When Edward Dalberg wrote that “what men desire is a virgin who is a whore,” he might as well have been talking about Natalie Dylan (an alias), the 22-year-old from San Diego, California, who is auctioning off her virginity in exchange for a one-night stand at the Bunny Ranch, a legal brothel in Nevada. Her goal, she says, is to raise the funds to pay for her graduate education as a family and marriage therapist more efficiently than her sister, who worked for three weeks as a prostitute at the same brothel.
“It’s shocking that men will pay so much for someone’s virginity, which isn’t even prized so highly anymore,” Dylan told the Herald Sun, an argument belied by both the current high bid of $2.5 million and the controversy surrounding the auction. Then again, much of the young woman’s blasé attitude toward exchanging her body for money sounds as naïve as one would expect from a virgin opining on human sexuality.
In response to the controversy, Dylan argues that her auction is actually empowering: it is of her own volition, and she expects that both parties will “profit greatly.” Yet even as a reported 10,000 men have vied to deflower her, Dylan remains oblivious to how she has turned not just her virginity but her body itself into a mere object. “I think it’s become some kind of competition between all these men,” she says. “It’s like a contest they all want to win.”
Those applauding Dylan’s entrepreneurial spirit are quick to note that “we’re all whores,” and many liken it to the daily grind of going to work in an office. They, of course, overlook that a worker can have many first times at new jobs, and that few are literally surrendering an ounce of flesh to their employer. A woman owns her body, their argument goes; by exchanging it for money she strips away a man’s ability to use her to her own detriment. How conveniently they ignore that such an argument ultimately objectifies us all, turning every person into little more than a walking bag of flesh to which a price tag should be affixed.
That a controversy exists at all over this auction is itself a sign that virginity is not as culturally insignificant as Dylan and her supporters seem to think. Granted, Western society is long past the days when girls were married off by their parents shortly after entering puberty to ensure they were virginal. Grooms’ families no longer demand dowries which are forfeited if there are no bloody post-coital sheets to prove the bride’s virtue on her wedding night.
Virginity, in Western society, is now less about a physical condition and more about a psychological experience, a rite of passage. As such, it is a moment in a woman’s life that our culture continues to treat as significant. Singers like Deanna Clark in “Strawberry Wine” and Vanessa Carlton in “White Houses” reminisce — seemingly years after the fact — over their first sexual experience.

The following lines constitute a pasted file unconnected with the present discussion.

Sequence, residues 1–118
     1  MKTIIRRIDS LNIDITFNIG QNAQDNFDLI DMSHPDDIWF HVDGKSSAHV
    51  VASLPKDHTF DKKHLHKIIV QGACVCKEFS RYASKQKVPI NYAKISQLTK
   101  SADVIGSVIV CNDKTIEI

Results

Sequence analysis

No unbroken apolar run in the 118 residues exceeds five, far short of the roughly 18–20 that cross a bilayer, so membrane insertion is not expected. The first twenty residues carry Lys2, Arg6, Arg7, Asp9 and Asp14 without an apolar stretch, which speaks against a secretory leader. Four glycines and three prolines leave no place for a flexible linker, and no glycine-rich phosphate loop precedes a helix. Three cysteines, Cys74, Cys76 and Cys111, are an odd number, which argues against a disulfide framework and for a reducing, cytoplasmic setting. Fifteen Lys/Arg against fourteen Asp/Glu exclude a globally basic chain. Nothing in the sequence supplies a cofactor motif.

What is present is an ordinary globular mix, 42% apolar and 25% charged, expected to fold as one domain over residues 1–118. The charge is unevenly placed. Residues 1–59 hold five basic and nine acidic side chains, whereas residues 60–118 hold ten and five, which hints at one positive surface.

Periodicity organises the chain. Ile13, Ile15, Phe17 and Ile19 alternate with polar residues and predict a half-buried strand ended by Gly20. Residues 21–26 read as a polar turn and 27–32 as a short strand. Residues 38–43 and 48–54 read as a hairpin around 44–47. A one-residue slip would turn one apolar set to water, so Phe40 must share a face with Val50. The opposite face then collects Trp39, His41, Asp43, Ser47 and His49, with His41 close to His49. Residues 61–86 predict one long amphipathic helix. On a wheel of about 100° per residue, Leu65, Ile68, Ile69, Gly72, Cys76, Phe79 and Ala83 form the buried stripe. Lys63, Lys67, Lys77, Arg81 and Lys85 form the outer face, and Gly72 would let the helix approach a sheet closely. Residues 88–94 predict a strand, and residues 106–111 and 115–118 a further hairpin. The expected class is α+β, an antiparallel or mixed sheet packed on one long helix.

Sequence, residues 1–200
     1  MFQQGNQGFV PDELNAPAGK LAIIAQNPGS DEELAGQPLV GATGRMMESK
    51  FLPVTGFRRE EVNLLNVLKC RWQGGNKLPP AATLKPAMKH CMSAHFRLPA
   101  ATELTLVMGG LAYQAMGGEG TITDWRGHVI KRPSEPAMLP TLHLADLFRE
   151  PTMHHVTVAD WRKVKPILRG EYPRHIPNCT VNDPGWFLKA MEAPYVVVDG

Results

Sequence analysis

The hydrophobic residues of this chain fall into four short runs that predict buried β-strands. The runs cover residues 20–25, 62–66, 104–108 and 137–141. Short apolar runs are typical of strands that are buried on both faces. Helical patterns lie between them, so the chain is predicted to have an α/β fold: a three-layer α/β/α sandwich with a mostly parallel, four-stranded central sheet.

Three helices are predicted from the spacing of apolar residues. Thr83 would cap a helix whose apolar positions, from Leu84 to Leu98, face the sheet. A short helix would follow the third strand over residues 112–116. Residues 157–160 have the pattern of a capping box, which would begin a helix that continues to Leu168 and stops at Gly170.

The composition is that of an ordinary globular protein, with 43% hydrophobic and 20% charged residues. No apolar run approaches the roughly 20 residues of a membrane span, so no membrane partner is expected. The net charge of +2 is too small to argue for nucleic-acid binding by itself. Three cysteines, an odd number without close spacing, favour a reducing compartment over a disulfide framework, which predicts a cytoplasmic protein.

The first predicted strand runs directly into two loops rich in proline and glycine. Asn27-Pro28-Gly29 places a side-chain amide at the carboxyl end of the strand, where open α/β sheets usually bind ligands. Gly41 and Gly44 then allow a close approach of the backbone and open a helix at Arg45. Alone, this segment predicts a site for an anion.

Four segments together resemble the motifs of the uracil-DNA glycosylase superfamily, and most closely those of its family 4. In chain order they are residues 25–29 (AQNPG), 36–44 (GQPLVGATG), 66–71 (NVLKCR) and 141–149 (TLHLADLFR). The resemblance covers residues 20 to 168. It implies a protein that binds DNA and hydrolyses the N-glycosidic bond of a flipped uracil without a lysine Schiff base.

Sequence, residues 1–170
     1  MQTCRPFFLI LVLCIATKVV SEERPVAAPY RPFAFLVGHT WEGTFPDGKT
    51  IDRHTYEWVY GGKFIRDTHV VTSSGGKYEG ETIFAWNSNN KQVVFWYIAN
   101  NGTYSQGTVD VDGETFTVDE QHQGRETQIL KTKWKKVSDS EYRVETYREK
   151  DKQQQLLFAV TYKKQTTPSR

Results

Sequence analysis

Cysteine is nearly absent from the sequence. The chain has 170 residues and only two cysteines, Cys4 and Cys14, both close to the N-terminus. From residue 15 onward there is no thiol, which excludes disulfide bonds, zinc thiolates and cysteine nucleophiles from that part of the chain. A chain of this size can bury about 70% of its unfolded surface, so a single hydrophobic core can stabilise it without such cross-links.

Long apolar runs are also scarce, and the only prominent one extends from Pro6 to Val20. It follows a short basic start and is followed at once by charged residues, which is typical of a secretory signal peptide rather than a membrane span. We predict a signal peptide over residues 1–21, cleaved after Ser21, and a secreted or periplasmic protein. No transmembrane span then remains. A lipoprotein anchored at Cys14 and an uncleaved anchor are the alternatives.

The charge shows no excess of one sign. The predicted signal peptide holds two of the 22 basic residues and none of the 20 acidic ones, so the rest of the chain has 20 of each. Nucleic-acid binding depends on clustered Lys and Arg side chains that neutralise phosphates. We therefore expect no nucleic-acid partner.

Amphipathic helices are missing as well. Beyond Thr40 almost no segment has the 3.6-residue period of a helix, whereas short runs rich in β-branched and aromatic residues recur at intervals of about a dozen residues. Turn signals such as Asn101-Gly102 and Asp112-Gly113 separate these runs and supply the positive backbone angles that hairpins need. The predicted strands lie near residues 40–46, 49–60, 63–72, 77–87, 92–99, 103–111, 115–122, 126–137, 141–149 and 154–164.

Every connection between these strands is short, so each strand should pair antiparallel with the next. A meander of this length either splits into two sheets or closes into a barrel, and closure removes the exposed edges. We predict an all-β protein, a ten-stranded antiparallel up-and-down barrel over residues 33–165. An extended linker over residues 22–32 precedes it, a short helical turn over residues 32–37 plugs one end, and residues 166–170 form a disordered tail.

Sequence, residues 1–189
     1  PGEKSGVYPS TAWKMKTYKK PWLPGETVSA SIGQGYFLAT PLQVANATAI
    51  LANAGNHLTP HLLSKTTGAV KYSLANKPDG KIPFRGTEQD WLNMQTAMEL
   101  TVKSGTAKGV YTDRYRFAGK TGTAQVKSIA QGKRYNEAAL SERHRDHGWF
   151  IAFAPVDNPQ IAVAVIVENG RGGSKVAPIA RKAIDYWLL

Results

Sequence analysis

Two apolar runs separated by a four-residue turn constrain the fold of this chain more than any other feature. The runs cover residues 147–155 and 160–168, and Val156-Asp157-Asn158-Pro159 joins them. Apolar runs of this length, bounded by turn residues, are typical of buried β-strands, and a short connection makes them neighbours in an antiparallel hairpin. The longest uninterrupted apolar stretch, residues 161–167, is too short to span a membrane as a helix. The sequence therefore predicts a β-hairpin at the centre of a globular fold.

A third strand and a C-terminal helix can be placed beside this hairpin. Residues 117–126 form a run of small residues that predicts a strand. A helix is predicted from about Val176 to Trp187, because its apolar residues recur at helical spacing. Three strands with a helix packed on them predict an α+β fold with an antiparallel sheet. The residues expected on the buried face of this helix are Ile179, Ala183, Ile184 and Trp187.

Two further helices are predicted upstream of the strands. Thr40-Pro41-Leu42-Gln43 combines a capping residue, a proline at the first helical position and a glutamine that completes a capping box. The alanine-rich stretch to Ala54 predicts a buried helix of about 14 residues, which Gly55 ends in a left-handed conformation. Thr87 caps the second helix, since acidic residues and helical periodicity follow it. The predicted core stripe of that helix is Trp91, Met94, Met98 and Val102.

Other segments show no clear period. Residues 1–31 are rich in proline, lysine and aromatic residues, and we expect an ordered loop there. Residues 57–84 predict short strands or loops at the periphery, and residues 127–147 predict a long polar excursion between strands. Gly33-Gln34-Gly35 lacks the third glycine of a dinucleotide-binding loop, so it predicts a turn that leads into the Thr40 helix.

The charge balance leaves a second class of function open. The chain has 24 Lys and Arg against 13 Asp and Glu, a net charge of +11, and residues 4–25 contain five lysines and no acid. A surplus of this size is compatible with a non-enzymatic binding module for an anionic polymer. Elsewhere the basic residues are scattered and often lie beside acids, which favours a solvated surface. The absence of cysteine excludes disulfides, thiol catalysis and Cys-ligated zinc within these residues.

From The OC to The Gilmore Girls, and all the countless other television shows in between, we’ve watched teens lose it in prime time. While the morality of the moment has been treated in a variety of ways, one thing has remained constant: it is always part of a “very special episode.” An entire genre of popular literature, the romance novel, draws its monetary lifeblood from heroines carefully guarding their virginity until they meet the alpha male to whom they choose to give it to.
Indeed, it is our society’s view that virginity is mostly a psychological condition which separates us from societies we consider barbaric. Consider, for instance, the deadly result of treating a woman’s virginity as a thing of value: as with all “things” it must be owned by someone. In the shame-based Islamic societies, that thing — the physical condition of virginity — is such a valued commodity that even the suspicion of its loss has been used to justify the rape, disfigurement, and “honor killing” of women.
It is disturbing, then, that a young woman who plans a career in the mental health field cannot see there is more to virginity than a mere fleshly barrier. That she believes herself capable of attaching no psychological significance to the moment is alarming. Yet such artless self-delusion is often the hallmark of a virgin: having no experience in matters of sexuality, they believe themselves masters of it already.
In as much as Natalie Dylan and her supporters seem to think her auction is somehow empowering, somehow clever and worthy of applause, they overlook one thing: she is not merely selling her physical condition as a virgin. She is also selling an irreplaceable moment in her lifetime that our culture believes should have some psychological import. The fact that she says that moment is meaningless speaks volumes of how little virtue she possesses in the first place.
Yes, her body is hers to do with as she pleases. But the same can be said of any woman who hops from bed to bed: it’s her choice, but that doesn’t mean she’s not a slut. And that, ultimately, is what Natalie Dylan’s first sexual experience boils down to. She’s just looking to make more money at being a slut than your average street hooker.